Internet Tips: Download Too Much, Lose Your Broadband

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Cable and DSL offer blazing-fast Internet connections, but they're not unlimited founts of data. As more and more subscribers exploit the speedy throughput times that make downloads a snap and media streaming smooth, ISPs are placing limits on how much you can download and upload within a set time period.

These transmission-rate caps are intended to prevent bandwidth-hungry customers from gobbling more than their share of pipeline from the ISP's back-end connection to the Internet. If you keep your file-sharing programs, streaming media players, and media downloads pumping data to and fro 24 hours a day at your bandwidth limit, your cumulative bandwidth consumption can be staggering. As your monthly Internet traffic increases to 100GB, so do your chances of receiving a nasty letter from your ISP regarding your bandwidth consumption.

Judging from customer reports posted on BroadbandReports.com's forums, usage caps run from 5GB to 50GB a month.

Broadband Internet is the ultimate PC comfort food: An always-on cable or DSL connection's speedy downloads and snappy response times seldom disappoint. But if bandwidth-use limitations burn you up, look for a broadband provider or subscription plan that doesn't restrict your downloads. Though Bell Canada's Bell Sympatico DSL Basic Internet service limits you to 2GB of combined upload and download traffic per month, the company also offers plans (at a higher price, naturally) with unlimited bandwidth.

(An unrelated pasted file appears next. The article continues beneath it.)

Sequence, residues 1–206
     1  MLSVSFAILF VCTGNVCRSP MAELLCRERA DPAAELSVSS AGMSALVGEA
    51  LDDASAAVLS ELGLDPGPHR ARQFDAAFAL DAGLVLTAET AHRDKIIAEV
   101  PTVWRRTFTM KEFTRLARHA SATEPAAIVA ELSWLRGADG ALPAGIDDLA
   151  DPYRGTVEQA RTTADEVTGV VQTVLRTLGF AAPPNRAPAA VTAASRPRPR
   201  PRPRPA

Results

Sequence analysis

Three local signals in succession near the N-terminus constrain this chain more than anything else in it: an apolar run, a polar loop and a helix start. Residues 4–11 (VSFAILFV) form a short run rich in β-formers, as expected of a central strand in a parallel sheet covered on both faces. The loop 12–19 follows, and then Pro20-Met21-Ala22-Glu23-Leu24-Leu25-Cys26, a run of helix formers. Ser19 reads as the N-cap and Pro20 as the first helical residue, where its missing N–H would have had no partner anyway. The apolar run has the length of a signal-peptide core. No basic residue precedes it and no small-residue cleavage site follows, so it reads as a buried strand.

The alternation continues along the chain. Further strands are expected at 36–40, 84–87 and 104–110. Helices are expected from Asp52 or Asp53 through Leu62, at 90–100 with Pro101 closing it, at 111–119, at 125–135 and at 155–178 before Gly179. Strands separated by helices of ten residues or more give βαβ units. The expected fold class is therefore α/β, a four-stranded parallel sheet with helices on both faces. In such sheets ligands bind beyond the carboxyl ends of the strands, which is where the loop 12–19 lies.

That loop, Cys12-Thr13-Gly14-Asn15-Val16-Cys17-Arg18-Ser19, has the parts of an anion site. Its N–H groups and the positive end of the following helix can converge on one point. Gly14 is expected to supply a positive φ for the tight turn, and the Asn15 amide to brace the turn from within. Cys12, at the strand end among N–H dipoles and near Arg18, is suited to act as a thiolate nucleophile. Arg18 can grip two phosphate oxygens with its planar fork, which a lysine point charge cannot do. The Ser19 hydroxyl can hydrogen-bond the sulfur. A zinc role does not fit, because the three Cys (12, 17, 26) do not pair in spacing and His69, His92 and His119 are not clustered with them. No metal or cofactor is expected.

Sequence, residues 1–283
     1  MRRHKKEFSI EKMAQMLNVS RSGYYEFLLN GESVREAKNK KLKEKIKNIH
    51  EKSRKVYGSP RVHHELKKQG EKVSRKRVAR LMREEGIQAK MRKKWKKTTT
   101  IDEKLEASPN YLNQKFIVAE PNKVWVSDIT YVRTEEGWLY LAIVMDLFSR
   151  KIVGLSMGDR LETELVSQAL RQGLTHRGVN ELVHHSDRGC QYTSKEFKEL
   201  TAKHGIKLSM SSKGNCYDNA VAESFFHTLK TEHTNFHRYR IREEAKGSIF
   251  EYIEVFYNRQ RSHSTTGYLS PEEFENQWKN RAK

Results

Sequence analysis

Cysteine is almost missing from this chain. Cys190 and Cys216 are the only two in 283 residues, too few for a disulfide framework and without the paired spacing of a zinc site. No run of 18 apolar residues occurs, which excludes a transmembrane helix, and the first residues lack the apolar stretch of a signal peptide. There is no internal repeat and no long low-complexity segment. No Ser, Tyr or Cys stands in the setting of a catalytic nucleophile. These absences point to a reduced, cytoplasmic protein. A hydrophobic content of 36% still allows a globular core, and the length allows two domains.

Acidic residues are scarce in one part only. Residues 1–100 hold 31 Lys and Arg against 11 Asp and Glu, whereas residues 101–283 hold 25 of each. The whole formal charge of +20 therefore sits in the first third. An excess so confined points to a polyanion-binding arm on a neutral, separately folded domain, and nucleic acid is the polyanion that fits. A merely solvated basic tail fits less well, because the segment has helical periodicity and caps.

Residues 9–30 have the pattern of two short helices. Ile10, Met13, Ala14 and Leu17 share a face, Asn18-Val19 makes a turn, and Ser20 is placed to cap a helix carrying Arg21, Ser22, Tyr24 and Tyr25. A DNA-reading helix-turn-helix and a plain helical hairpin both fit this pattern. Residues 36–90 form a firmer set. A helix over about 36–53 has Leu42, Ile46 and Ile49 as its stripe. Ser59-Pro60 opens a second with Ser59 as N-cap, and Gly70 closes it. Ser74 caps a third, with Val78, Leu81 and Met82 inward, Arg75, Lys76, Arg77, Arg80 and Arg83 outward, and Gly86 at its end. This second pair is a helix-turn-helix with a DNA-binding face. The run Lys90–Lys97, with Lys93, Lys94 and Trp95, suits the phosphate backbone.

If no other provider or plan looks better than the one you have already, you may be forced to moderate your Internet traffic to fit within your ISP's acceptable-use policy. Of course, few broadband providers explicitly publish what their acceptable monthly download limit is. Comcast's Acceptable Use Policy, for example, states that your online activity must not "represent (in the sole judgment of Comcast) an unusually large burden on the network." Cox Communications maintains a similar policy. To determine your ISP's bandwidth limitations--if any--contact the company's customer service department, or check the forums listed at BroadbandReports.com to see what other people in your area have to say about the provider.

Track Your Downloads

Just because you're saddled with a bandwidth-usage cap doesn't mean that you have to give up your file-sharing and streaming programs completely, however. Most peer-to-peer applications have settings that let you throttle back uploads to more moderate levels to help keep you under any usage limits imposed by your ISP. Visit Salisbury University's Help Desk page, which offers a quick summary of the relevant settings you need to adjust in the leading peer-to-peer programs.

If you use Windows XP, you can monitor your own bandwidth hogging via Task Manager's Networking monitor tab. Press Ctrl-Alt-Del to open Task Manager, and select the Networking tab. To introduce downloads to the display, choose View, Select Columns, check Bytes Received, and click OK (you may have to adjust the window and column size to see the new column). If you'd like to make the data cumulative, choose Options, Show Cumulative Data (see FIGURE 1

FIGURE 1: Keep tabs on your download totals by using Windows XP's Task Manager.
). Close Task Manager and go about your normal Internet activity (but don't shut down or restart Windows--that resets the counter). To see your total downloads a day, week, or month later (if you've left your PC on continuously and it hasn't crashed), just press Ctrl-Alt-Del again.

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